Not My Dad’s Defender – What Is Bit Rot Anyways
Bit Rot Intro
One of the last times I was with my dad, I brought home a copy of his favorite game “Defender”. It wasn’t the original arcade game for I didn’t have that kind of money nor the means to bring home an arcade cabinet. It was an emulated version of the game on a game disc for a modern home video game system, “Midway Arcade Treasures” If my memory serves me.
He smiled and played it for a good while. I joked with him that he has lost his touch for in the 80’s his high score was legit. He simply pointed at the controller and said: “This is not the same game”.
That is the best way I can explain “Bit Rot”.
Bit Rot is not a physical erosion of computer bits (the series of 1 and 0 that makes up all software, embedded systems, and smart devices) for bits can’t decay. But rather the decay of software being usable or functional as it was originally created.
There are various factors that cause this phenomenon, such as Environment Change, Onceability, Dependency, and Unused Code. Absorbing Pixels LLC will mostly focus on Environment Change within our organization because that is where we, the consumers, can mitigate the decay. The other factors are mitigated by the software developers who create the software through sound development practices.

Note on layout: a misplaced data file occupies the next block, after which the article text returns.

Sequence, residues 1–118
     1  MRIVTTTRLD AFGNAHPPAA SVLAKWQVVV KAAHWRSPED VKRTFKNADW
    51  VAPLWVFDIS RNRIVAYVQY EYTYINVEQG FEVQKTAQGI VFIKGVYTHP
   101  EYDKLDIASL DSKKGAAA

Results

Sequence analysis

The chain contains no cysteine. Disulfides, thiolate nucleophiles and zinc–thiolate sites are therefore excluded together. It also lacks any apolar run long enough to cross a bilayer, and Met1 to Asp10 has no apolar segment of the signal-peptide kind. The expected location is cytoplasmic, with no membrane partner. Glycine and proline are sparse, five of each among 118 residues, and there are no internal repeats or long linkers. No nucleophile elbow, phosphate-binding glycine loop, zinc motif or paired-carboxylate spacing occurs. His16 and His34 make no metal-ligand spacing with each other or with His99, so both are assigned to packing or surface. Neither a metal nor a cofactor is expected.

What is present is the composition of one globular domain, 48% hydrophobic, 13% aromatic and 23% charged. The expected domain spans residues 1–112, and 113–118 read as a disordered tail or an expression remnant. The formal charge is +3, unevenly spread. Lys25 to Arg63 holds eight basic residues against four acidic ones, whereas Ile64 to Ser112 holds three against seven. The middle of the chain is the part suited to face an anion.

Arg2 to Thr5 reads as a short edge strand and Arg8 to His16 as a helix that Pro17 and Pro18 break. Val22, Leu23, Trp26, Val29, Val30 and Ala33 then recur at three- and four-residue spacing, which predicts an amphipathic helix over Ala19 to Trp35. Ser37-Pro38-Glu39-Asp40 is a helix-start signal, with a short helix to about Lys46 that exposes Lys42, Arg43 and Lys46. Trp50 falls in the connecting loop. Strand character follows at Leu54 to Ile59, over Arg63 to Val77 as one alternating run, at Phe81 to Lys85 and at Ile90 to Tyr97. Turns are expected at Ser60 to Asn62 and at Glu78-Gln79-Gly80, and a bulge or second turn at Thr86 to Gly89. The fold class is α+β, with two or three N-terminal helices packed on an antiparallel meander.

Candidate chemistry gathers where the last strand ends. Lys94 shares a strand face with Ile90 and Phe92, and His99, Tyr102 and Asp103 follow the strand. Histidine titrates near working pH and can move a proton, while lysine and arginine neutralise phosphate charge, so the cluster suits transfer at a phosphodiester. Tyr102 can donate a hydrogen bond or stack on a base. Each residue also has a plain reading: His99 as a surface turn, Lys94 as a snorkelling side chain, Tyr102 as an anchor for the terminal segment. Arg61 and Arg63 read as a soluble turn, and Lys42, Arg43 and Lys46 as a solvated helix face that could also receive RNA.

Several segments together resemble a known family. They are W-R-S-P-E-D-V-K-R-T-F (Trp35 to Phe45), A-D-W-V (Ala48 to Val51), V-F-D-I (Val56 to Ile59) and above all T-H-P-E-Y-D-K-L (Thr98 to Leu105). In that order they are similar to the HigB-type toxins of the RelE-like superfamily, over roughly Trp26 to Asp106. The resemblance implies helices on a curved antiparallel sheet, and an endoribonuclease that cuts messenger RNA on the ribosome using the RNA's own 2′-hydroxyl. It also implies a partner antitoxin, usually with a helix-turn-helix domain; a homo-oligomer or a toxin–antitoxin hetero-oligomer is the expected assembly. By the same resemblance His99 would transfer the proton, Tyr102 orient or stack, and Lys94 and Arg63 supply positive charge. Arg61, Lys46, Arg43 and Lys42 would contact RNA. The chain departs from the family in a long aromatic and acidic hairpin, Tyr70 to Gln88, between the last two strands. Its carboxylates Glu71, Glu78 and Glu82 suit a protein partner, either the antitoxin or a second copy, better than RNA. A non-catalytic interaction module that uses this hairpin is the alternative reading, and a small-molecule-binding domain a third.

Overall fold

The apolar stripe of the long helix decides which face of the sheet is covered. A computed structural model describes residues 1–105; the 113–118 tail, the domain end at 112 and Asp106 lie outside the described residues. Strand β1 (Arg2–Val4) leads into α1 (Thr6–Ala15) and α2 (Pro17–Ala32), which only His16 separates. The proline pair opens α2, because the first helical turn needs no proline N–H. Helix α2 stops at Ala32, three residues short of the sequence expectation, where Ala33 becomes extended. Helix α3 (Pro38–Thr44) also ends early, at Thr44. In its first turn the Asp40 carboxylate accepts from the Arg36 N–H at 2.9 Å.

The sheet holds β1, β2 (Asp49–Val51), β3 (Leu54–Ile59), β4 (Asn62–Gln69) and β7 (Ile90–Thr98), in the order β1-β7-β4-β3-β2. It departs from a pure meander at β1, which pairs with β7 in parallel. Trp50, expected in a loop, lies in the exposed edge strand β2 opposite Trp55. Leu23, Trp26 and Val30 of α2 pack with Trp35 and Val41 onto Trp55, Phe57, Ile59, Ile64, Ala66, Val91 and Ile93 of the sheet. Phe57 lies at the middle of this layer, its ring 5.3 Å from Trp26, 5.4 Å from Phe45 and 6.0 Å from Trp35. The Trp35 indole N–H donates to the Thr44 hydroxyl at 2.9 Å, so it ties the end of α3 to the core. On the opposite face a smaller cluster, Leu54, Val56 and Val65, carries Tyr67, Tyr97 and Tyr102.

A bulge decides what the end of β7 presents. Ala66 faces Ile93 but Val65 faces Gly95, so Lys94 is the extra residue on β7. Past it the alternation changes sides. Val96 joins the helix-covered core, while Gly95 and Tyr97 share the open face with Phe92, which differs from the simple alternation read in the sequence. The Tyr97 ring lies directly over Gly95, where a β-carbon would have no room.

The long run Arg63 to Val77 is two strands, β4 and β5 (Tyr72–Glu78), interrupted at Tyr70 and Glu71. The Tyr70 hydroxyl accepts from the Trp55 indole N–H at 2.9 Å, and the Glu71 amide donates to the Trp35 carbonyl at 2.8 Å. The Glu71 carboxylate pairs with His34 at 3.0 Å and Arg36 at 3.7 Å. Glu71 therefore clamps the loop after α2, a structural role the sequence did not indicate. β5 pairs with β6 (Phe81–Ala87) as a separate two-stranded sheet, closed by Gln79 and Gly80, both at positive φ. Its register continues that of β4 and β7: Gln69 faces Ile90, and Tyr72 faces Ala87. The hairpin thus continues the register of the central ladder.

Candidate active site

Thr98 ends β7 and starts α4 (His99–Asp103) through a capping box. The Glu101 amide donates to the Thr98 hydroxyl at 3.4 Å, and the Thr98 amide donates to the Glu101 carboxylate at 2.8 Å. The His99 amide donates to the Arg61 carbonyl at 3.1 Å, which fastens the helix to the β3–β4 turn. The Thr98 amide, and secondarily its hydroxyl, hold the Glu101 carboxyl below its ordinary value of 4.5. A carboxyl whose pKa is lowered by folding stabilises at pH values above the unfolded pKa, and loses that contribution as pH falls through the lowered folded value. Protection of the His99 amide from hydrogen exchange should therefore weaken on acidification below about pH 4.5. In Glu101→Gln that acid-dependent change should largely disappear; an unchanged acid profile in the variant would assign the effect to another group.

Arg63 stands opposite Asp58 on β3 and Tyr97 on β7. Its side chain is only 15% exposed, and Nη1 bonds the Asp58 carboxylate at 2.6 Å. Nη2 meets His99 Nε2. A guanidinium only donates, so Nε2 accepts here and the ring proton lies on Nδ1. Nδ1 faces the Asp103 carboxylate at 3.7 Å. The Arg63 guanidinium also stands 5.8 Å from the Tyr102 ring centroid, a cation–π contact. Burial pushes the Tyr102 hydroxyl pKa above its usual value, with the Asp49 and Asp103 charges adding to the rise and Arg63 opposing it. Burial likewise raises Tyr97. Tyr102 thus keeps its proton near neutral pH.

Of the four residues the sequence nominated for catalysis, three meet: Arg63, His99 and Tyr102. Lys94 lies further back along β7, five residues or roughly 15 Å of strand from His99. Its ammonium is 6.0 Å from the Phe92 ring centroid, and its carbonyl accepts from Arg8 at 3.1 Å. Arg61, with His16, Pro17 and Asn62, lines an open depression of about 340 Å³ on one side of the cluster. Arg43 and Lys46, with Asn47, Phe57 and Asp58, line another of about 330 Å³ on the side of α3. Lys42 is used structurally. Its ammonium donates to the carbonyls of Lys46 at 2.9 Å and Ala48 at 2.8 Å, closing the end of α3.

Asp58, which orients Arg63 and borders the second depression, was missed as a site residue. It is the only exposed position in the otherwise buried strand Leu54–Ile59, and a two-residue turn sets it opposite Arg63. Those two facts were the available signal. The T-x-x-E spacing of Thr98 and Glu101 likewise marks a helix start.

My Dad’s Defender
Now let’s go back to my dad’s excuse for not getting anywhere near his highscore. Is he right? Is it really not the same game? Actually yea. It may look the same, it might sound the same but to expert Defender players, It doesn’t play the same. Here is what is different
- Dad was playing on a modern TV. A TV which has a different frame rate and generates the picture screen differently than a CRT screen from those 80’s arcade cabinet. Dad’s Defender game was programmed and designed for the CRT.
- Dad was playing using a Gamecube controller. A controller which doesn’t include a joystick and big arcade buttons he can quickly smash with his other hand.
- Dad was playing from a Nintendo GameCube disc. A disc which isn’t a full circuit board like the one built and installed within the 80’s cabinet.
Both games are Defender but to play actual Defender you need a circuit board, Joystick, arcade buttons, and a working CRT.
My Dad’s Defender and those 80’s arcade games are increasing undergoing Bit Rot every day, not because the software is decaying but rather environment is rapidly decaying. Ask yourself when was the last time you went to Best Buy and bought a CRT TV to fix an arcade cabinet screen and you get the idea of why Absorbing Pixels has been established.
To mitigate Bit Rot not only do we need to preserve the software but rather the environment that the software was designed and programmed for.
Absorbing Pixels aims to preserve all digital art and media and the ability for them to played or viewed in the original environment they were intended for.